Ionis has signed a $75 million upfront (with $1 billion in biobucks in the offering) with Novartis for two of the biotech’s heart drug candidates—a much-needed positive for Ionis, after it announced the pulling of another Big Pharma-partnered med just yesterday.
First up, to the Novartis deal, which sees $75 million upfront, a $100 million equity stake, and potentially around $1 billion in biobucks, should all go to plan, for Ionis and its subsidiary Akcea.
For this, the Swiss major gains an exclusive worldwide option and collab pact to work on and sell AKCEA-APO(a)-LRx and AKCEA-APOCIII-LRx, two drugs in the clinic for cardiovascular diseases.
Ionis and Akcea said in a statement that they plan to conduct a midstage dose-ranging test for each drug, in order to “choose the optimal dose and evaluate alternative dose schedules, such as monthly dosing, for the phase 3 study.”
Should this pass muster, and before the start of the late-stage test, Novartis will under the deal be able to exercise its option to license and commercialize each drug.
In a recent phase 1/2 study in healthy volunteers with elevated lipoprotein(a), AKCEA-APO(a)-LRx produced “significant and sustained reductions in Lp(a) of up to 97% with mean reduction of 79% after only a single, small volume dose and with multiple doses, observed reductions of Lp(a) of up to 99% with a mean reduction of 92%,” according to Ionis.
AKCEA-APOCIII-LRx, meanwhile, is currently being tested in an early-stage human trial, again in healthy volunteers, specifically with elevated triglycerides.
This research deal will build on Novartis’ CV legacy that includes its once-major blockbuster Diovan (valsartan) and its more recent combo heart drug Entresto (sacubitril/valsartan).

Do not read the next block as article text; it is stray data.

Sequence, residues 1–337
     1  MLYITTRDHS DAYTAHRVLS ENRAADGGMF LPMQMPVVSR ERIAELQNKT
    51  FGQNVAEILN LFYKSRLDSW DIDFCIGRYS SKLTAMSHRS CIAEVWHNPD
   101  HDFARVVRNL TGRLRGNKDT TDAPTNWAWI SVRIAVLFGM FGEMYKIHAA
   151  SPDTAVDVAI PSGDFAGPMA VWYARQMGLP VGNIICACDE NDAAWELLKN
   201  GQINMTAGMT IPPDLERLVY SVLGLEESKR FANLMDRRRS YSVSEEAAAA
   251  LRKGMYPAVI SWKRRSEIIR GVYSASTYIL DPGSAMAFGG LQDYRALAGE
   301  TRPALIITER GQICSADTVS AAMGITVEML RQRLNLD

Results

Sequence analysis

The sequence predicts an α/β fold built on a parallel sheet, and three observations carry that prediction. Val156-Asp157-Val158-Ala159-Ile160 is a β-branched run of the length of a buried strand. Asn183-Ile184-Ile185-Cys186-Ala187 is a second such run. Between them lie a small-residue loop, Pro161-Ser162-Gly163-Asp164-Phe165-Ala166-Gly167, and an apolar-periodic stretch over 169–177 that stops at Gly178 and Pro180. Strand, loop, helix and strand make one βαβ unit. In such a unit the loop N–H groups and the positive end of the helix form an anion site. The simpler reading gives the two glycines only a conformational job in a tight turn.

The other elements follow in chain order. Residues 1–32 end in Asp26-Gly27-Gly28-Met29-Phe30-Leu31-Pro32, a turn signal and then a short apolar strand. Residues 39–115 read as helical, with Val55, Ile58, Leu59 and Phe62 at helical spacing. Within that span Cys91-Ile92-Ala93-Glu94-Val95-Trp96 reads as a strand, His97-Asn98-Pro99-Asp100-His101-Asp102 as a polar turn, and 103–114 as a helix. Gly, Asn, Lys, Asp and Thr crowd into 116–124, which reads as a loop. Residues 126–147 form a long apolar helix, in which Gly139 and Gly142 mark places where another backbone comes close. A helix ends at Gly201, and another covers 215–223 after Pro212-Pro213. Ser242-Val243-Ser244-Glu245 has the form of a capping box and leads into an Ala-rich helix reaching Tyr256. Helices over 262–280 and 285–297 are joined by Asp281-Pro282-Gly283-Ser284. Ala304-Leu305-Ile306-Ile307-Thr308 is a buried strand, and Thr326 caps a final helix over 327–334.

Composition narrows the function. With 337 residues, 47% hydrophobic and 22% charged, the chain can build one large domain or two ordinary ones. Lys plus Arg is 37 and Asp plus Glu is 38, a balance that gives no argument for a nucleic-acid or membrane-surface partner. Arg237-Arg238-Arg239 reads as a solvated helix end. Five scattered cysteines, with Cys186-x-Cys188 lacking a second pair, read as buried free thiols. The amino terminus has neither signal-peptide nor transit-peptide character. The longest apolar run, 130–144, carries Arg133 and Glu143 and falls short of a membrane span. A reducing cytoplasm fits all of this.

“AKCEA-APO(a)-LRx and AKCEA-APOCIII-LRx are novel potential therapies to address the broad opportunities that still exist to treat cardiovascular disease, despite currently available therapies. We believe that Novartis is the ideal partner for developing both drugs to their fullest potential,” said Paula Soteropoulos, chief executive officer at Akcea Therapeutics, which has been running the development of these meds.
“This strategic partnership allows us to move more rapidly to phase 3 cardiovascular outcomes studies with both therapies than our original development plan.”
Ionis has had something of a topsy-turvy start to the New Year: Over the Christmas break, it and Biogen gained FDA approval for the first-ever SMA drug Spinraza (nusinersen), but then the two quietly announced this week that one of its other collab drugs will be discontinued given its poor efficacy.
The med, IONIS-DMPK-2.5-R, has now been chopped due to inadequate potency in muscle in phase 1/2 in patients with myotonic dystrophy type 1.
The news was announced during an R&D update from Ionis this week, although at time of writing neither company had made this information available on their sites. The pair said they now plan to develop a muscle-targeting LICA alternative.
Analysts at Jefferies are less than impressed, however, with Ionis’ pipeline. In its pre-JPM release the firm said that its pipeline update this week “came short of drawing excitement beyond Spinraza.”
The firm added: “Beyond highly anticipated Spinraza launch (our 2021E sales of $1.6B vs. BIIB cons of $1.4B, implying royalties to IONS of ~$250M), we view current pipeline products unlikely to drive further meaningful appreciation in IONS shares from its already hefty valuation (EV of ~$5.5B).”
This includes its diabetes med IONIS-GCGR-Rx, which has seen Jefferies “question its therapeutics merits in a crowded marketplace,” and its other CV candidate volanesorsen, which Jefferies sees as having “limited market potential.” These comments were made before the Novartis deal was made public.
After it was announced, analysts at Leerink were more upbeat, saying the deal "represents a clear positive surprise after a disappointing pipeline update call yesterday, where Ionis announced the discontinuation of DMPKr." It added: "More importantly, the deal is validating of Ionis' LICA platform, which seeks to enable lower volume and less frequent dosing."